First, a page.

"In the future, everyone will be world-famous for 15 minutes.”

This legendary quote from Andy Warhol is becoming even more self-evident in the age of Instagram influencers, memes, and short-lived internet fame (anyone else still talking about “30-50 feral hogs”?). But in the case of what has been for nearly a decade labelled the streetwear “trend,” the clock seems to be running much longer. Yesterday’s news that Farfetch is acquiring New Guards Group in an astonishing $675 million cash-and-stock deal only served to reinforce something we’ve known for a long time: Streetwear is the new normal. And according to Business of Fashion, the streetwear holding company whose portfolio includes Off-White™, Palm Angels, and Heron Preston, and Marcelo Burlon County of Milan has been putting serious numbers on the board, generating revenues of $345 million in the year ending April 30 (up 59% year-over-year).

But before New Guards became worth a little over half-a-billion dollars, its roots had much in common with streetwear’s old guard. Just earlier this year, its co-founder Davide de Giglio admitted to Business of Fashion that he “started from scratch; no money, no knowledge.'" And some of the company’s highest profile “directors” (not designers, per New Guards parlance) are more than willing to pay homage to the Shawn Stüssys and James Jebbias of the world who laid down the foundational legacy of streetwear.

“It’s sort of our duty to pick up after all the streetwear legends,” Off-White™ founder and New Guards Group’s most high-profile designer Virgil Abloh told me in 2014. Titled “Streetwear’s New Guard,” I wrote the piece in an attempt to synthesize what was happening in the fashion industry—the lines between what constituted “streetwear” and what constituted “fashion” were in the process of disappearing. The people highlighted in that story—Virgil Abloh, Marcelo Burlon, Shayne Oliver, and Chris Gibbs—all had a hand in shaking the foundations of that ivory tower.

A year later, the DJ-turned-designer Burlon announced he was forming a group called New Guards — wonder where they got the name from? — alongside De Giglio and Claudio Antonioli. The holding company currently owns a majority stake in labels like Heron Preston and Palm Angels as well as operating upscale cashmere knitwear company Alanui and Off-White™, which has a multi-year license agreement with New Guards. Keep in mind: Virgil Abloh owns the trademark.

So, what? People are more than eager to cop gear from Off-White™, Heron Preston, and Palm Angels. And yet, after the market closed yesterday, Farfetch’s share price nosedived 30%. The 12-year old platform, founded by José Neves in 2007, despite being one of the largest players in the online luxury marketplace, has been reported to not expect to break even until 2021. With the dire straits facing retailers as a whole, Farfetch’s recent acquisitions of Stadium Goods and New Guards Group, show that Neves is betting on something else entirely to take Farfetch out of this slump: that the e-commerce site can become an incubator for tomorrow’s hottest brands.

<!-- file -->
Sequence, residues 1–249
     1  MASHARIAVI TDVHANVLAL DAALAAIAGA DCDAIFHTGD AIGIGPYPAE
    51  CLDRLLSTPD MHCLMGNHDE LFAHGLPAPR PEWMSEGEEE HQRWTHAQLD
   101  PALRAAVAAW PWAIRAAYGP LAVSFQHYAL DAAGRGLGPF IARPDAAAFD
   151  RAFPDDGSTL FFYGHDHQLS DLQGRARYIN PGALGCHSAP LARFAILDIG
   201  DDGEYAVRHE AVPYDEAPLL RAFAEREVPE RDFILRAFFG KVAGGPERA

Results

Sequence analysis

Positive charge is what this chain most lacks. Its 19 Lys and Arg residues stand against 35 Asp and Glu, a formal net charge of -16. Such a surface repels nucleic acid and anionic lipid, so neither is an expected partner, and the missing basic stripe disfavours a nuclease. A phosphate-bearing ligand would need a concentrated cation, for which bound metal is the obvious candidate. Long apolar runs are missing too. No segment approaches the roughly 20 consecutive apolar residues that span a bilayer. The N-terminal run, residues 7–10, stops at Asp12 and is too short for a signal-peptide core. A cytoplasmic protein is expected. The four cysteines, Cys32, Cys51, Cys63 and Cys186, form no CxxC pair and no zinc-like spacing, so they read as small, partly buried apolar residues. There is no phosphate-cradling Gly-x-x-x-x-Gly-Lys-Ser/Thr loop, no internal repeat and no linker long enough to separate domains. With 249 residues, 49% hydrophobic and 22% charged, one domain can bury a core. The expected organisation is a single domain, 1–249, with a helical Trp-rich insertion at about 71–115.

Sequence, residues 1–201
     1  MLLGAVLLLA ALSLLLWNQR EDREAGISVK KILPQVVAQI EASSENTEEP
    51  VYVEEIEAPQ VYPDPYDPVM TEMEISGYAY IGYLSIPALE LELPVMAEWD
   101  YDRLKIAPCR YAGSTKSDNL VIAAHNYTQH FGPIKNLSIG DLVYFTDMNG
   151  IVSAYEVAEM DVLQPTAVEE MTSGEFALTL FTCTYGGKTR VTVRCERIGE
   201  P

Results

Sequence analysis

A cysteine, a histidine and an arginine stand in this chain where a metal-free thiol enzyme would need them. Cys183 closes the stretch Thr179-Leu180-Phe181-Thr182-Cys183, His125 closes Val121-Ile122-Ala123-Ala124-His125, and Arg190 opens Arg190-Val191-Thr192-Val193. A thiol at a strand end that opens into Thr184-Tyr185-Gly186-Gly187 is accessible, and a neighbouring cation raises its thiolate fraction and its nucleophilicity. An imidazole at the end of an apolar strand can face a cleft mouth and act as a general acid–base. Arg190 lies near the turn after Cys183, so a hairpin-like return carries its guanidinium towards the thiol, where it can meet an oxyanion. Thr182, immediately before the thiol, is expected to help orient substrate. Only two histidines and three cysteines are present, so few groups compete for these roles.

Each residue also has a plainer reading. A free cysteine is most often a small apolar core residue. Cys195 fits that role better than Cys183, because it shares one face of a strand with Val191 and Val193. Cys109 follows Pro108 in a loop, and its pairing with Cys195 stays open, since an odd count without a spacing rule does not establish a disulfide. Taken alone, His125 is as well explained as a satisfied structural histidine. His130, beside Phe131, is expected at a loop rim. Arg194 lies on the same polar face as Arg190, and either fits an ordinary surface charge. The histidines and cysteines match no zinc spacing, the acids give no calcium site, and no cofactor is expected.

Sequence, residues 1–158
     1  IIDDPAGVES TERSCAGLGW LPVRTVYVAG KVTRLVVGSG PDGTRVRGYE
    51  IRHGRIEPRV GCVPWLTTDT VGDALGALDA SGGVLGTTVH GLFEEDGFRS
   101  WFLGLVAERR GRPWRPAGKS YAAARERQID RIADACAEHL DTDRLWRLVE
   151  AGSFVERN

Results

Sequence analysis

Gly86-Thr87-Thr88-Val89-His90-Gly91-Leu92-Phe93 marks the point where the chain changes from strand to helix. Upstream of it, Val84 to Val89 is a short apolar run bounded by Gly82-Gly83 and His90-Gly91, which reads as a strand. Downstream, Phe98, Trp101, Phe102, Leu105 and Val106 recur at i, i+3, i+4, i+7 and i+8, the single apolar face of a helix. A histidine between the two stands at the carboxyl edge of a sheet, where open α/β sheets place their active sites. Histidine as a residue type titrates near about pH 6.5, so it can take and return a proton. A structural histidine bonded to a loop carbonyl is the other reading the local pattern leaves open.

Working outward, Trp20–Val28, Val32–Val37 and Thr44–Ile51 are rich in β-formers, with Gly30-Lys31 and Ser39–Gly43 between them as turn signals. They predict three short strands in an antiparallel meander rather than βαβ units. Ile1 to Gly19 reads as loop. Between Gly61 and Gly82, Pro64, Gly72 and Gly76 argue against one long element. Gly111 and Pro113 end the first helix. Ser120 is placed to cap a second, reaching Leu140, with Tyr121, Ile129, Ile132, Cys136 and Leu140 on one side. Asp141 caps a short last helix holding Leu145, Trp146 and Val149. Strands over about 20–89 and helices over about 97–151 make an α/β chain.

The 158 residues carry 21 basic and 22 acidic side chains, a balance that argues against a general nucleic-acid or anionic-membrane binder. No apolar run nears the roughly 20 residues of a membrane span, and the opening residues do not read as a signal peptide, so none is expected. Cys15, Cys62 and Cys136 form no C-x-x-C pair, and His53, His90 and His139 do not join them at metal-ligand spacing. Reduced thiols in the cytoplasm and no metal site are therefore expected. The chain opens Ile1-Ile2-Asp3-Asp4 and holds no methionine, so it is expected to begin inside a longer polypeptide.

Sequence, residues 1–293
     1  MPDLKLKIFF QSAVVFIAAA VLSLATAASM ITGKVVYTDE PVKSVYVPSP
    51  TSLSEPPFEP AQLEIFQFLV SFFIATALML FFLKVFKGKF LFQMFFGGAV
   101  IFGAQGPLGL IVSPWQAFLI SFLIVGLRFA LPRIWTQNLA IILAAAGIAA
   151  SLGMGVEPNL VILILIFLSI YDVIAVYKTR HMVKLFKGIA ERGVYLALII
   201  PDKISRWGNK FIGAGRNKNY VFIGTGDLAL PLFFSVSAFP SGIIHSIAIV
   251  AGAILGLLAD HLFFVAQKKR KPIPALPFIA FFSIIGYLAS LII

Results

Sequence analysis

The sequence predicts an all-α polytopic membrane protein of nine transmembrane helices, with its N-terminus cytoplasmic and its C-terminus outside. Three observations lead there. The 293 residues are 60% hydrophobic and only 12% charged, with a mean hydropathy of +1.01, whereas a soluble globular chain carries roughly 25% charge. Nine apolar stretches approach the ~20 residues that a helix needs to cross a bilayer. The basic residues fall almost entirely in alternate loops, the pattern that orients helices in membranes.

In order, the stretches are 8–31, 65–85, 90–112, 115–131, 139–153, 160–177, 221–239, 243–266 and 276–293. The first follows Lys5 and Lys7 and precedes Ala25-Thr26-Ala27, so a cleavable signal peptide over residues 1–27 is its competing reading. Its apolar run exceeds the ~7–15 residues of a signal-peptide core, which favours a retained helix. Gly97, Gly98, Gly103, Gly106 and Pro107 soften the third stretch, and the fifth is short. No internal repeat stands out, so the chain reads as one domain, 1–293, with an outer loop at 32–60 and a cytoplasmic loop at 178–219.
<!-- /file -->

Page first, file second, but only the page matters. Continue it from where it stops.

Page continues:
With NGG, Farfetch is tapping into something De Giglio has referred to as “luxury fast fashion.” In 2018, he boasted that the company produced 200 collections. They work with manufacturers and employ 24/7 teams to have each label working around the clock, around the globe. As a result, De Giglio claims that NGG is able to go “from design to delivery within three weeks,” for not just T-shirts, but with items like leather goods and sneakers. Theoretically, this model could be combined with Farfetch’s impressive e-comm platform as well as other companies in its portfolio (like British retailer Browns) to cultivate, launch, and sustain the business of new clothing labels at an unprecedented clip—creating fashion and streetwear at the speed of memes.

It’s a very Warholian way of thinking: “In the future, everyone will have their own brand for 15 minutes.” Neophyte labels benefit from an infrastructure that allows them to go much bigger than just making a Shopify to sell a few T-shirts. Celebrities and clout juggernauts can theoretically break into the market even faster, and leverage their following to boost brand awareness. This is already happening: Both Rob Kardashian and Scott Disick have recently made forays into the streetwear space with their labels, Halfway Dead and Talentless, respectively.

Streetwear, once a space that traded exclusively in the currency of cultural relevance and niche credibility, is now becoming an adaptable formula for New Guards and Farfetch. The Off-White™ licensee’s killer app is clout—and its ability to cultivate brands and create product at a breakneck pace has found the consumer-facing commerce platform it needs. Welcome to streetwear’s new paradigm.

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